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Colposcopy Often Unneeded for Cervical Lesions

Pap Smears Can Monitor Young Women's Cervical Lesions, Study Shows
WebMD Health News

Nov. 4, 2004 -- Young women need not undergo colposcopy to monitor mild cervical lesions, say researchers from the University of California at San Francisco.

Instead, Pap smears can monitor the lesions, which usually fade harmlessly away in young healthy women, according to the researchers' report in the Nov. 6 issue of The Lancet.

Colposcopy is a procedure that uses a magnifying instrument called a colposcope to examine the vagina and cervix, providing a closer look than eyesight allows. A biopsy of any cervical lesions can be done during a colposcopy.

Colposcopy works, but it's usually not needed in young women, say the researchers, who included Anna-Barbara Moscicki, MD.

Moscicki's team studied a type of low-grade cervical lesion that disappears naturally in young healthy women.

Such cervical lesions have been associated with human papillomavirus (HPV), which is common in young, sexually active women.

About 70% of sexually active young women have HPV infections, according to the study. HPV infections are linked to cervical cancer, but the association between the two is not a simple one.

"More than 70% of HPV infections are transient," write the researchers, who say that about 25% of young women develop these mild cervical lesions after an HPV infection.

Still, it's important to monitor the lesions and HPV status, since there is a chance that these mild lesions will develop into a more aggressive lesion. However, even some of the more aggressive lesions have "little risk of progression to invasive cancer in this age group," write the researchers.

To find the best monitoring method for young women, Moscicki's team studied 187 women aged 13-22 with low-grade cervical lesions.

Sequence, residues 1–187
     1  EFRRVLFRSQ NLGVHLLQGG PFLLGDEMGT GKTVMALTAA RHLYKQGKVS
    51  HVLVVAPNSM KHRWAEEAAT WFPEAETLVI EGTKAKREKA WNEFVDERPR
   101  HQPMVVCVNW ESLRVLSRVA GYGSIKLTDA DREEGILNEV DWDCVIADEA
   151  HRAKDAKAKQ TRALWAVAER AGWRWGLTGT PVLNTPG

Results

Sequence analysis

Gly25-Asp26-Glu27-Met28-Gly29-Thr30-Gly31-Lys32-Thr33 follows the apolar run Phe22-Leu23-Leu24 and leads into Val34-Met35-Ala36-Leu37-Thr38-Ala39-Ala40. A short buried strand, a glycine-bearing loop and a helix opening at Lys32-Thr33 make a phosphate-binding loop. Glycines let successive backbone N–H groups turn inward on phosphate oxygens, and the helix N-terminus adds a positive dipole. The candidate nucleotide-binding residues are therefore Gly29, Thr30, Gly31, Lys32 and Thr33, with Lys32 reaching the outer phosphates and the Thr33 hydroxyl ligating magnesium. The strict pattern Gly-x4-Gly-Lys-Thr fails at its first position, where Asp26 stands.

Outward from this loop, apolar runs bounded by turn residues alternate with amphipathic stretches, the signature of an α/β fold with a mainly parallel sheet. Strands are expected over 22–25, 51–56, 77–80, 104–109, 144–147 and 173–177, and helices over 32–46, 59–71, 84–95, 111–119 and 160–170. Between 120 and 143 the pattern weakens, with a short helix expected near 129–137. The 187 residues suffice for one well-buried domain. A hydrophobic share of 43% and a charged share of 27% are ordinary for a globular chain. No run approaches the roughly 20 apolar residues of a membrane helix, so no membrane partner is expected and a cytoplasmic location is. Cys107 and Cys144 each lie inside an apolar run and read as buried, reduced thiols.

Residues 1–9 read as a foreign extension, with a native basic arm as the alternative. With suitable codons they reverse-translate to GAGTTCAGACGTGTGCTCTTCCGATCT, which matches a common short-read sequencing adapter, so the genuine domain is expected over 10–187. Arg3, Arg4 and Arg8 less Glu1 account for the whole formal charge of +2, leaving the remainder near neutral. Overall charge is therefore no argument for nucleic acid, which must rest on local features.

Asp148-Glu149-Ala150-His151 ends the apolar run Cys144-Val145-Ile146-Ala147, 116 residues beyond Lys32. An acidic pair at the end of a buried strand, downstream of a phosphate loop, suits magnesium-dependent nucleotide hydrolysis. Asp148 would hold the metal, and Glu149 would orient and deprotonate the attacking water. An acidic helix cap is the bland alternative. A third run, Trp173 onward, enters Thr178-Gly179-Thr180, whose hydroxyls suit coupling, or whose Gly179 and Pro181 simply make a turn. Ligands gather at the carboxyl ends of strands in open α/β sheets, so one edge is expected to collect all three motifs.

Every four months, participants had a Pap smear, colposcopy, and an HPV test. The women also answered questionnaires on topics including their sexual behaviors and substance use.

Almost all of the cervical lesions (91%) disappeared on their own within three years, and 61% were gone within one year.

Since most of these mild cervical lesions are benign and temporary, it may be overkill to use colposcopy in young women when a less intimidating (and less costly) method -- Pap smear -- can do the job.

"Our findings suggest that the strategy of colposcopy for all adolescent and young women with [mild lesions] is unwarranted and leads to unnecessary intervention, morbidity, and cost," write the researchers. "Instead, assessment with [Pap smears] might be appropriate."

In an editorial in The Lancet, Anne Szarewski and Peter Sasieni of London's Wolfson Institute of Preventive Medicine go one step further.

"We see absolutely no role for colposcopy in adolescents as part of routine management," they write, saying Moscicki's study showed how "common and essentially meaningless" low-grade cervical lesions are in young women.

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